Diabetes-induced changes in the deformability of red blood cells, leading to more rigid cell membranes, is another manifestation of cross-linking and aminoguanidine has been shown to prevent it in vivo. In such studies, New Zealand White rabbits, with induced, long-term diabetes are used to study the effects of a test compound on red blood cell (RBC) deformability (df). The test compound is administered at a rate of 100 mg/kg by oral gavages to diabetic rabbits.

A further consequence of diabetes is the hyperglycemia-induced matrix bone differentiation resulting in decreased bone formation usually associated with chronic diabetes. In animal models, diabetes reduces matrix induced bone differentiation by 70%.

In the instance where the compositions of the present invention are utilized for in vivo or therapeutic purposes, it may be noted that the compounds or agents used therein are biocompatible. Pharmaceutical compositions may be prepared with a therapeutically effective quantity of the agents or compounds of the present invention and may include a pharmaceutically acceptable carrier, selected from known materials utilized for this purpose. Such compositions may be prepared in a variety of forms, depending on the method of administration. Also, various pharmaceutically acceptable addition salts of the compounds of Formula I may be utilized.

A liquid form would be utilized in the instance where administration is by intravenous, intramuscular or intraperitoneal injection. When appropriate, solid dosage forms such as tablets, capsules, or liquid dosage formulations such as solutions and suspensions, etc., may be prepared for oral administration. For topical or dermal application to the skin or eye, a solution, a lotion or ointment may be formulated with the agent in a suitable vehicle such as water, ethanol, propylene glycol, perhaps including a carrier to aid in penetration into the skin or eye. For example, a topical preparation could include up to about 10% of the compound of Formula I. Other suitable forms for administration to other body tissues are also contemplated.

In the instance where the present method has therapeutic application, the animal host intended for treatment may have administered to it a quantity of one or more of the agents, in a suitable pharmaceutical form. Administration may be accomplished by known techniques, such as oral, topical and parenteral techniques such as intradermal, subcutaneous, intravenous or intraperitoneal injection, as well as by other conventional means. Administration of the agents may take place over an extended period of time at a dosage level of, for example, up to about 30 mg/kg.

As noted earlier, the invention also extends to a method of inhibiting and reversing the discoloration of teeth resulting from nonenzymatic browning in the oral cavity which comprises administration to a subject in need of such therapy an amount effective to inhibit and reverse the formation of advanced glycosylation endproducts of a composition comprising an agent of structural Formula I.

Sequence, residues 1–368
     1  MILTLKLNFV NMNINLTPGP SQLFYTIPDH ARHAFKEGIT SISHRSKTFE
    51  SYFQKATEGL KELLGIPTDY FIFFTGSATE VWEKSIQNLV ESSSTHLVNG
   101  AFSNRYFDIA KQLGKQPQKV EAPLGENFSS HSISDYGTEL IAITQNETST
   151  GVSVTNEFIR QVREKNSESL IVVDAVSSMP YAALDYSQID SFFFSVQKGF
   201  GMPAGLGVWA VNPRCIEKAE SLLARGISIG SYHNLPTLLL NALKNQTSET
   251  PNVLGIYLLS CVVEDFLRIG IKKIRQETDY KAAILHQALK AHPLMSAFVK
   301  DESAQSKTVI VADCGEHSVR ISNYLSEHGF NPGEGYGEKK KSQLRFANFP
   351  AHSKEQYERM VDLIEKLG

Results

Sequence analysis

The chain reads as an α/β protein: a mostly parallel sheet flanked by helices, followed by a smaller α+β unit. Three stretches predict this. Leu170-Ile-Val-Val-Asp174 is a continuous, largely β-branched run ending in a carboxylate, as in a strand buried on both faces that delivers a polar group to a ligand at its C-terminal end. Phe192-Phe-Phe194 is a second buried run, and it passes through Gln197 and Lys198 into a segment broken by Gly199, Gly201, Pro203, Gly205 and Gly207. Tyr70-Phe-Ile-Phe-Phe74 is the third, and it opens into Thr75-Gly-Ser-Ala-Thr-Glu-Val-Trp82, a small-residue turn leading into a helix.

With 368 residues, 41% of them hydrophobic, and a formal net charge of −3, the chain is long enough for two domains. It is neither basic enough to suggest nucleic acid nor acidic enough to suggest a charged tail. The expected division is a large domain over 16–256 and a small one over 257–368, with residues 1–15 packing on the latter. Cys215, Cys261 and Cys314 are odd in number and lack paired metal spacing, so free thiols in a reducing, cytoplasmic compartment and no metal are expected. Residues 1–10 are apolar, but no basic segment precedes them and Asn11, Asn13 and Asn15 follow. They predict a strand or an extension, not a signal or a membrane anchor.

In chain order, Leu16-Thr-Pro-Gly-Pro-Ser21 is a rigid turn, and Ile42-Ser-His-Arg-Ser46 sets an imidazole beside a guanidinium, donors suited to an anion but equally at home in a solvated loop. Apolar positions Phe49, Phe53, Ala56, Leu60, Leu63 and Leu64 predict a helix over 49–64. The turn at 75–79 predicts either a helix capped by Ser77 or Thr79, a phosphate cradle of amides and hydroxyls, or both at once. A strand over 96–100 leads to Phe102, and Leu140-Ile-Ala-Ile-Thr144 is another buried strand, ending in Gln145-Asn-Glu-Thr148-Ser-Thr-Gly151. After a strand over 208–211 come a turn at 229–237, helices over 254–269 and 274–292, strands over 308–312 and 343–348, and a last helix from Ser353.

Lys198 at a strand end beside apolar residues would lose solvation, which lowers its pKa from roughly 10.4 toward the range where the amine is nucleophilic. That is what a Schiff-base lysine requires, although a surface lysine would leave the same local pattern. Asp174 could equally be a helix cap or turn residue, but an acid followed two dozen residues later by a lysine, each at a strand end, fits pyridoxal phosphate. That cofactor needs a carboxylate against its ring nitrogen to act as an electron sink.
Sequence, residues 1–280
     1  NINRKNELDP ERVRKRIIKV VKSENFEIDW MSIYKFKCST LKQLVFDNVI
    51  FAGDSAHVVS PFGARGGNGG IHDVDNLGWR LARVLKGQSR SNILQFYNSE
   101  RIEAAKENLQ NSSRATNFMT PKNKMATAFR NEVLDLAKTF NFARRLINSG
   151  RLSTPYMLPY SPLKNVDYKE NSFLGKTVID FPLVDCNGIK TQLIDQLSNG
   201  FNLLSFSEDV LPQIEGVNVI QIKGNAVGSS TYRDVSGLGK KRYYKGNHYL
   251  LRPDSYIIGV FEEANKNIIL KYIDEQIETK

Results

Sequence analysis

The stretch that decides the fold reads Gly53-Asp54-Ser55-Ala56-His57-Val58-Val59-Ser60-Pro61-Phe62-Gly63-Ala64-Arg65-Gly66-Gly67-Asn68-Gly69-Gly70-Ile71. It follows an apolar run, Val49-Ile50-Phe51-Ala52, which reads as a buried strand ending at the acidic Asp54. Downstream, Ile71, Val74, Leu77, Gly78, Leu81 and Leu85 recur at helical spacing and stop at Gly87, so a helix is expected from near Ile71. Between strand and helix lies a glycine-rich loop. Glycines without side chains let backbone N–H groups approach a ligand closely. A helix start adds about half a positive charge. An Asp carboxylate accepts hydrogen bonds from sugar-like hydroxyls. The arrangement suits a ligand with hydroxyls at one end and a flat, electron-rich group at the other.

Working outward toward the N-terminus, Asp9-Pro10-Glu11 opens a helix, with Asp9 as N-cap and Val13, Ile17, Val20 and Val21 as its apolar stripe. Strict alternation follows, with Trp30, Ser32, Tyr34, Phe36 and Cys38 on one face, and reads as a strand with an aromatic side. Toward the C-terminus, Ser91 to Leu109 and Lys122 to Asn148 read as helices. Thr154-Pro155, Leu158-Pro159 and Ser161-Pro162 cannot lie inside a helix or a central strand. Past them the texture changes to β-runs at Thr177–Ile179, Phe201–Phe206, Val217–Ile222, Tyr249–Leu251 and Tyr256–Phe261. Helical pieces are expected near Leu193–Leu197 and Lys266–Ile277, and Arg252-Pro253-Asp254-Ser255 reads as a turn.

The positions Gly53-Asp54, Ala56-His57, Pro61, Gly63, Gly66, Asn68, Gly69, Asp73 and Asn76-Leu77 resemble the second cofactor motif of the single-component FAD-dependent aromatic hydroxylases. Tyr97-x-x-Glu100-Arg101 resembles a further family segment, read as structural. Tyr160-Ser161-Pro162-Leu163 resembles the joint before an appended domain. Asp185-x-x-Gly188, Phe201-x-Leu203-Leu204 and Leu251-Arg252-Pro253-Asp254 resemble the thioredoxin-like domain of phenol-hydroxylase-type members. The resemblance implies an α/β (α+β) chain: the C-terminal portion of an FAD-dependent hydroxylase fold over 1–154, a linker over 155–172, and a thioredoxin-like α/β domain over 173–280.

The nonenzymatic browning reaction which occurs in the oral cavity results in the discoloration of teeth. Presently used anti-plaque agents accelerate this nonenzymatic browning reaction and further the staining of the teeth. Recently, a class of cationic antimicrobial agents with remarkable anti-plaque properties have been formulated in oral rinses for regular use to kill bacteria in the mouth. These agents, the cationic antiseptics, include such agents as alexidine, cetyl pyridinium chloride, chlorhexidine gluconate, hexetidine, and benzalkonium chloride.

Tooth staining by chlorhexidine and other anti-plaque agents apparently results from the enhancement of the Maillard reaction. Nordbo, J. Dent. Res., 58:1429 (1979) reported that chlorhexidine and benzalkonium chloride catalyze browning reactions in vitro. Chlorhexidine added to mixtures containing a sugar derivative and a source of amino groups underwent increased color formation, attributed to the Maillard reaction. It is also known that use of chlorhexidine results in an increased dental pellicle. Nordbo proposed that chlorhexidine resulted in tooth staining in two ways: first, by increasing formation of pellicle which contains more amino groups, and secondly, by catalysis of the Maillard reaction leading to colored products.

In accordance with this method, the compounds of Formula I are formulated into compositions adapted for use in the oral cavity. Particularly suitable formulations are oral rinses and toothpastes incorporating the active agent.

In the practice of this invention, conventional formulating techniques are utilized with nontoxic, pharmaceutically acceptable carriers typically utilized in the amounts and combinations that are well-known for the formulation of such oral rinses and toothpastes.

The agent of Formula I is formulated in compositions in an amount effective to inhibit and reverse the formation of advanced glycosylation endproducts. This amount will, of course, vary with the particular agent being utilized and the particular dosage form, but typically is in the range of 0.01% to 1.0%, by weight, of the particular formulation.

The compounds encompassed by Formula I are conveniently prepared by chemical syntheses well-known in the art. Certain of the compounds encompassed by Formula I are well-known compounds readily available from chemical supply houses and/or are prepared by synthetic methods specifically published therefor. For instance, 3,4-dimethyl-5-(2-hydroxyethyl)thiazolium iodide; 3-ethyl-5-(2-hydroxyethyl)-4-methylthiazolium bromide; 3-benzyl-5-(2-hydroxyethyl)-4-methylthiazolium chloride; and 3-(carboxymethyl)benzothiazolium bromide are obtainable from Compounds described in the chemical and patent literature or directly prepared by methods described therein and encompassed by Formula I are those such as 3-(2-phenyl-2-oxoethyl)-4-methylthiazolium bromide and 3-benzyl-5-(2-hydroxyethyl)-4-methyl thiazolium chloride [Potts et al., J. Org. Chem., 41:187–191 (1976)].